Every day, we engage in microlearning. So why is it that millennials prefer this style of learning and how can it improve training in your business?
Whether we’re sitting on the train flicking through news headlines, browsing through Twitter or scrolling through social media on your mobile device, we naturally digest information quickly before running out of attention and moving onto the next article, headline or topic that catches our eye.
According to Microsoft's survey on Canadian media consumption, the average attention span of humans has fallen from 12 seconds to eight seconds since the year 2000, and is now lower than the nine-second attention span of a goldfish.
Interestingly, the timeline shows a correlation between a decrease in the human attention span and an increase in mobile phone usage.
So, if smartphones are shaping the way we learn, wouldn’t it be ideal to accommodate for this in the workforce?
If we look at millennials, who have grown up with smartphones and have the natural tendency to digest small bite-size pieces of information on a daily basis, it becomes obvious that traditional training methods may not be as effective as once thought.
To encourage this new generation of learners, companies are now turning to microlearning.
What is microlearning, anyway?
In a nutshell, it’s a form of training that aims to deliver small bite-size pieces of information to learners.
- Generally, in the form of short, two-minute videos that can be delivered anywhere, on any device.
- The content is often highly specific and designed to be short and punchy. To be effective, the videos shouldn’t feel like lectures or homework and should deliver the point, often with repetition, in an engaging way.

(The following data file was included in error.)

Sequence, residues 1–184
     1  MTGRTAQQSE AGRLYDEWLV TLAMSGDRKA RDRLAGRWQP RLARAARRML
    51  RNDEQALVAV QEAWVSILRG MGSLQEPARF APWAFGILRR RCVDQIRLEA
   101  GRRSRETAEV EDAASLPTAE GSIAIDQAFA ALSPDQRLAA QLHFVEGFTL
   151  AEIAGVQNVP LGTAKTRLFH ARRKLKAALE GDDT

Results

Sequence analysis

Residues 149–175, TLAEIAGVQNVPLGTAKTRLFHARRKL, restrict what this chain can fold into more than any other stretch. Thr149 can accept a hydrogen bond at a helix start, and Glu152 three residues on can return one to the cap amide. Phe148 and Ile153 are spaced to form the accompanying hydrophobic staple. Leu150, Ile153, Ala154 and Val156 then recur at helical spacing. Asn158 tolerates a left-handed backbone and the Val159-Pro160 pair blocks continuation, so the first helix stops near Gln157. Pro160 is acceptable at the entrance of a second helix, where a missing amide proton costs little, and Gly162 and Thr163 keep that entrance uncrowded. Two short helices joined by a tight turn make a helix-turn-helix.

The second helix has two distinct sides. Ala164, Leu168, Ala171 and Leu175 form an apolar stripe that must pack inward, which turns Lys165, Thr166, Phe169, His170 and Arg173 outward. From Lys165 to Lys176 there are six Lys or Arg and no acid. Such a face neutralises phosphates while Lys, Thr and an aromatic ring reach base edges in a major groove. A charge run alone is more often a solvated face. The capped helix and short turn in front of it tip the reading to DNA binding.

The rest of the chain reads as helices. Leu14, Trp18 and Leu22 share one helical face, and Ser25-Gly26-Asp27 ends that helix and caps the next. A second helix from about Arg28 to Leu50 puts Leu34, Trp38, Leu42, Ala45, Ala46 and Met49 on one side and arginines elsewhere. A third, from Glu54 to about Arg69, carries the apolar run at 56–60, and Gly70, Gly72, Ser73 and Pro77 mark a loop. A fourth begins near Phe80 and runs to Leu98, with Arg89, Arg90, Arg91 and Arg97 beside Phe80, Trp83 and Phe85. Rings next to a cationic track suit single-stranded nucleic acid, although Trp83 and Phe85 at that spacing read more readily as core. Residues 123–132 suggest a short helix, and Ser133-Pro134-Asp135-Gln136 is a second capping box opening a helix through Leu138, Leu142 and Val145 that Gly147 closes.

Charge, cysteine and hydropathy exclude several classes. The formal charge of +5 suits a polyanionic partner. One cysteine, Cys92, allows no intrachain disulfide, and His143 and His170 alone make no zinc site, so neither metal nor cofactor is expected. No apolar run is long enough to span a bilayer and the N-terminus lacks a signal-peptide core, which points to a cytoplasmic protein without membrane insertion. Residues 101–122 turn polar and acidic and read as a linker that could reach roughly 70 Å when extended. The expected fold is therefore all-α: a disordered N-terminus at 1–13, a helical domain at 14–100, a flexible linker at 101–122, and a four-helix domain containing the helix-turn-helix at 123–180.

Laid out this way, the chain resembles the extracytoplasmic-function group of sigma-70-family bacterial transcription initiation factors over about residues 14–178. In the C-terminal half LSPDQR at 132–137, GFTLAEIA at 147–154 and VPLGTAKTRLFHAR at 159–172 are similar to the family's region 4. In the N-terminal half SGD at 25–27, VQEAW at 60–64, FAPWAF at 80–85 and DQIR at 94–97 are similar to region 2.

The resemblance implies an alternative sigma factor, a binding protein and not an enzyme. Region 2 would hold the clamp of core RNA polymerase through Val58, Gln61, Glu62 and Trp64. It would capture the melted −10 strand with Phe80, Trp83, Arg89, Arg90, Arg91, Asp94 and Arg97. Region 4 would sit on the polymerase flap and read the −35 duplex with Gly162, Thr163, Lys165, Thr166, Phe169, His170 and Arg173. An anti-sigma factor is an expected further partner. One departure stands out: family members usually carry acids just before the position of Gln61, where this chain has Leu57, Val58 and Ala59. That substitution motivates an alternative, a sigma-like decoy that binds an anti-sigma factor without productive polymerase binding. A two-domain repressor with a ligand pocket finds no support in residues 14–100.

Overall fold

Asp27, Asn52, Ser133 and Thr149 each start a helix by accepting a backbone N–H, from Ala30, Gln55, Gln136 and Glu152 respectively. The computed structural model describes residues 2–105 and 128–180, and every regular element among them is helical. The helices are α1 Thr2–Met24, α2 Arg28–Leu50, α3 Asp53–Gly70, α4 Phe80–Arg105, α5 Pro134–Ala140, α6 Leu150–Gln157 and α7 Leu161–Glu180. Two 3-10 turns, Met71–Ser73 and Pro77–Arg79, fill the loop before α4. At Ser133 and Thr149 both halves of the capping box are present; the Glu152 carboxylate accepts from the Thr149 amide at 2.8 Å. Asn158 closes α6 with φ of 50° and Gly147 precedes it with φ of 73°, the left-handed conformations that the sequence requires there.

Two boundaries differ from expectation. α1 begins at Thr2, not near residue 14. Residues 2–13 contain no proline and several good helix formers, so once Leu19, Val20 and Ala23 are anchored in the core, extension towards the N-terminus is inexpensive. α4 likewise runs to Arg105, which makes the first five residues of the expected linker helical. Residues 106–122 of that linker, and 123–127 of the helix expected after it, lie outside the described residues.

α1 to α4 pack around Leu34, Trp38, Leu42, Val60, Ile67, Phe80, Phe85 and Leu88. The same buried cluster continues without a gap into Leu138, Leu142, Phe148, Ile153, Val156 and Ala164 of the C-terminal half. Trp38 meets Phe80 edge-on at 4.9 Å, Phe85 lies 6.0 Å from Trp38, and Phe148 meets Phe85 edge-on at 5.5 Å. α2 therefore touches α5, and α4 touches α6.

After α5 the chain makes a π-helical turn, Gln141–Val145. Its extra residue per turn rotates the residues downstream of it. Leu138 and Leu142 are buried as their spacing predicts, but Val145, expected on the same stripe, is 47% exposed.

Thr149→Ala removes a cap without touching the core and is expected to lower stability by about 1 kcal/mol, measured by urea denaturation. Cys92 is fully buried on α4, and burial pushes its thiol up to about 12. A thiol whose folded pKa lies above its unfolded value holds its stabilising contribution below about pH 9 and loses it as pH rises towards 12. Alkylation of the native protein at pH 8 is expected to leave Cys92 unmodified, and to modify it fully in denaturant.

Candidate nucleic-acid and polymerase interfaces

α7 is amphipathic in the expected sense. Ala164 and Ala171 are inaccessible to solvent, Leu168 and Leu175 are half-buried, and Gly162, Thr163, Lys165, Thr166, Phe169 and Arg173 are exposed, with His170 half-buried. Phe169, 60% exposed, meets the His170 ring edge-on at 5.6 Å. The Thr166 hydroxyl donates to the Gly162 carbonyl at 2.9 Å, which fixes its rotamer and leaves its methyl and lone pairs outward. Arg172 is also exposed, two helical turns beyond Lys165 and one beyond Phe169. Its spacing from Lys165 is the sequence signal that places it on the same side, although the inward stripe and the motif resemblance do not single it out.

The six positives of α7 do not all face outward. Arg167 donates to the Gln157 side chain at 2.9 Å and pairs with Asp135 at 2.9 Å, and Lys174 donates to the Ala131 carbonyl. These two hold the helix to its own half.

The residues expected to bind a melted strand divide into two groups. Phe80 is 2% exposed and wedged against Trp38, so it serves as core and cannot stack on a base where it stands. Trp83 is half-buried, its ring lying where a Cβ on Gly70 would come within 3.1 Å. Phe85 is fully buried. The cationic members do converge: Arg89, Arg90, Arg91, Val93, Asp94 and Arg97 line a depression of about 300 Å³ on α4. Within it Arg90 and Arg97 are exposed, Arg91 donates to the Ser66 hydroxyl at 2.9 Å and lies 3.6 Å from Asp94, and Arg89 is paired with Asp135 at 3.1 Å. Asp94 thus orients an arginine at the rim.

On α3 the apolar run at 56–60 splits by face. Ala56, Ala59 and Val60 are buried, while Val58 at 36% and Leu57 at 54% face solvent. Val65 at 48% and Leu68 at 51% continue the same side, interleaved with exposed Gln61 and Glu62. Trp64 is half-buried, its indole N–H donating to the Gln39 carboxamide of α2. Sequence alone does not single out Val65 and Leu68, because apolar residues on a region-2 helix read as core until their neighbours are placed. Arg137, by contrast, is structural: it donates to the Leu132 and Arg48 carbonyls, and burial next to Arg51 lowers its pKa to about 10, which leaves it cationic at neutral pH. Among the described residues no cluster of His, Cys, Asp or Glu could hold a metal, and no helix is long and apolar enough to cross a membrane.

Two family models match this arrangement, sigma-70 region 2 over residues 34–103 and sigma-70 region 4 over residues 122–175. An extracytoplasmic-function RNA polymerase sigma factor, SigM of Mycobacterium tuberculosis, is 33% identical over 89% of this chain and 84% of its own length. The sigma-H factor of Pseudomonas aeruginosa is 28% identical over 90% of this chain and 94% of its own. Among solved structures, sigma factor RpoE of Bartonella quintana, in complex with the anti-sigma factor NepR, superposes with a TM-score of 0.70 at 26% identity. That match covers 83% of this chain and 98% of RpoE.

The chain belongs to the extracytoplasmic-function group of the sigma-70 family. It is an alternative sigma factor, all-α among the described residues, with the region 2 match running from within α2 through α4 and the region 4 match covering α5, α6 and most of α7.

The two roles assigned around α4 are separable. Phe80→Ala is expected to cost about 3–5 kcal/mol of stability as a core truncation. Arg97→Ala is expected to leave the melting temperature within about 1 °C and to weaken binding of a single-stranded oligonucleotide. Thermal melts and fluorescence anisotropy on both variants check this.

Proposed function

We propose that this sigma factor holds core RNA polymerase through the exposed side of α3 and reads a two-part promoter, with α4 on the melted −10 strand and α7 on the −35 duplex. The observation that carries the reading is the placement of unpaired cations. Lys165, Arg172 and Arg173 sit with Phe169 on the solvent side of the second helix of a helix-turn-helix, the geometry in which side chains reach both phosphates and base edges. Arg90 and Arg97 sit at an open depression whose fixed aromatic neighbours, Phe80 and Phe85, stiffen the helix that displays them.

- Ultimately, the goal is to reduce the duration of lessons, to ensure learners are engaged during the entire process. This can then be backed up by subject matter experts and thought leaders.
Research and personal experience have lead me to conclude that there are three reasons why your business should look at breaking up its training content.
#1 Natural microlearners
Brought up in the age of smartphones, millennials prefer information to be quick and to the point.
- If you deliver on this, you not only align with an ever-shortening attention span, you also engage your audience more effectively and improve retention as an outcome.
- This will lead to an increase in learning efficacy, with research showing the delivery of shorter material leading to 20% increases in retention over traditional longer material, such as two-hour ‘fall asleep at the desk’ inductions or training sessions.
#2 Time savings
It’s cheaper to create micro-lessons as they’re shorter.
- This makes it less time consuming for both developers and viewers. When you’re training on a particular topic, you have to think: what do they really need to know?
- Everyone knows the real learning is done on the job, so why not provide a bullet-point framework for them in training, so they can focus on applying this effectively.
- This is especially useful for small startups or younger new entrants starting businesses on a budget.
#3 Learning empowerment
Letting younger employees have more control over when and how they learn empowers them to take responsibility for their learning, and helps them feel more respected and trusted.
- Microlearning doesn’t occur in a seminar room on Monday morning between 9 am and 12 noon. It happens on the bus on the way to work, or from the comfort of your home or bed before you get up in the morning. It fits easily into the moments between activities in busy lives.
- The result? Empowered employees who feel part of a progressive learning culture, where they can learn in their own creative ways. The positive effect will make your company attractive to work for and improve your talent pool.
If you have ever wondered if your employees really read through the whole 20-page manual or feel as though your training could do with a shake up, why not consider what more you can achieve with a next-generation mobile-enabled online solution like Velpic.